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Balm

Mixed Breed

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“Once Abandoned Dogs, Now Adventure Dogs! #StarrySispaws”

Instagram tag
@starrysispaws

Place of Birth

South Korea

Current Location

Seoul, Seoul, South Korea

From

South Korea

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Registration

Microchip: 410097800099107

Genetic Breed Result

Balm

Balm

Mixed Breed
50.0% Brittany
39.1% Beagle

Embark Supermutt analysis

What’s in that Supermutt? There may be small amounts of DNA from these distant ancestors:

Brittany

Brittanys are versatile gun dogs whose high energy and affection levels also make them a popular family dog. Originating in France, the Brittany is highly capable of doing the work it was originally bred to do, but at the end of the day, they're happy to spend time with their people and families.

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Beagle

The Beagle is a scent hound and a great family pet. They are known for being affectionate and having loud voices.

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Genetic Stats

Wolfiness

0.9 % MEDIUM

Predicted Adult Weight

38 lbs

Genetic Age
40 human years

Based on the date of birth provided

Dogs Like Balm

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Discover dogs who share a similar breed mix to Balm. A higher score means the two dogs have more of their breed mix in common. A score of 100% means they share the exact same breed mix!

Click or tap on a pic to learn more about each dog and see an in-depth comparison of their DNA, breeds, and more.

DNA Breed Origins

Breed colors:
Brittany
Beagle
Supermutt

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Would you like more information? Have you found a lost dog wearing an Embark dog tag? You can contact us at:

Explore by tapping the parents and grandparents.

Balm
Family Tree From Embark PARENTS GRANDPARENTS GREAT GRANDPARENTS Beagle mix Brittany Beagle Beagle mix Brittany Brittany Beagle Beagle Beagle Mixed Brittany Brittany Brittany Brittany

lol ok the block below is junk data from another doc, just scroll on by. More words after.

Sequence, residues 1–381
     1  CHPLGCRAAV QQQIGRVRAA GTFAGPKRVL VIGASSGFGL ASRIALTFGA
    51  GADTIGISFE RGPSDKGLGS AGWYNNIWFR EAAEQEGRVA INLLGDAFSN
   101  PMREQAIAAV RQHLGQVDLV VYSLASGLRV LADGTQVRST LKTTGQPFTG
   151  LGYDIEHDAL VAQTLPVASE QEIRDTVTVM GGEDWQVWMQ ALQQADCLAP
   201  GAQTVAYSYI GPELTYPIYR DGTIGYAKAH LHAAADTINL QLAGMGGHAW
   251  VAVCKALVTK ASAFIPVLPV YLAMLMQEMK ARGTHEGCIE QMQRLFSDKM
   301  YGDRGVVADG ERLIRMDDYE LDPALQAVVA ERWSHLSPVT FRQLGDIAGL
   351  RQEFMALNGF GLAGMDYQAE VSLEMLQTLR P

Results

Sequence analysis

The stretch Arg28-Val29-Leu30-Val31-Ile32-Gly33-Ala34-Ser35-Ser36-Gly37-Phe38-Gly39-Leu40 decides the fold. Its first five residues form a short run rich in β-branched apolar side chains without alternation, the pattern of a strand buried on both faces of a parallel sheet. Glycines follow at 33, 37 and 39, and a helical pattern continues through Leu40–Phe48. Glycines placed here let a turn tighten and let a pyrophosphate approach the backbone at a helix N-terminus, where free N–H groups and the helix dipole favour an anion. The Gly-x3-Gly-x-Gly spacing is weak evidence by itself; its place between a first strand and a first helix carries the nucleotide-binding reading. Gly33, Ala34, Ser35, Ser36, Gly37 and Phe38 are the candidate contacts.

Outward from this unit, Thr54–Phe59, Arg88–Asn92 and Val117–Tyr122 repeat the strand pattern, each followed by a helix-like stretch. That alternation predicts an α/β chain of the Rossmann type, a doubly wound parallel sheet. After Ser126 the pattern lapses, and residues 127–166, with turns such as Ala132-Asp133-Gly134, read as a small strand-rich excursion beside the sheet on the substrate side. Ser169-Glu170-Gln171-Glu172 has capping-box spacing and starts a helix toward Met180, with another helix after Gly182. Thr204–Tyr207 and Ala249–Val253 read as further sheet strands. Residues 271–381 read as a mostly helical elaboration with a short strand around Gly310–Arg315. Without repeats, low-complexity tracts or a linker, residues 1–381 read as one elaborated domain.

Breed Reveal Video

Our algorithms predict this is the most likely family tree to explain Balm’s breed mix, but this family tree may not be the only possible one.

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Explore the genetics behind your dog’s appearance and size.

Base Coat Color

Base Coat Color

Dark or Light Fur
E (Extension) Locus
Can have dark fur
Dark brown pigment
Cocoa
No impact on fur and skin color
Red Pigment Intensity LINKAGE
I (Intensity) Loci
No impact on coat pattern
Brown or Black Pigment
B (Brown) Locus
Black or gray fur and skin
Color Dilution
D (Dilute) Locus
Dark (non-dilute) fur and skin
Coat Color Modifiers

Coat Color Modifiers

Hidden Patterning
K (Dominant Black) Locus
More likely to have a mostly solid black or brown fur coat
Body Pattern
A (Agouti) Locus
No impact on coat pattern
Facial Fur Pattern
E (Extension) Locus
No dark mask or grizzle facial fur patterns
Saddle Tan
No impact on coat pattern
White Spotting
S (White Spotting) Locus
Likely to have large white areas in coat
Roan LINKAGE
R (Roan) Locus
Likely no impact on coat pattern
Merle
M (Merle) Locus
Unlikely to have merle pattern
Harlequin
No impact on coat pattern
Other Coat Traits

Other Coat Traits

Furnishings LINKAGE
Likely unfurnished (no mustache, beard, and/or eyebrows)
Coat Length
Likely long coat
Shedding
Likely heavy/seasonal shedding
Coat Texture
Likely straight coat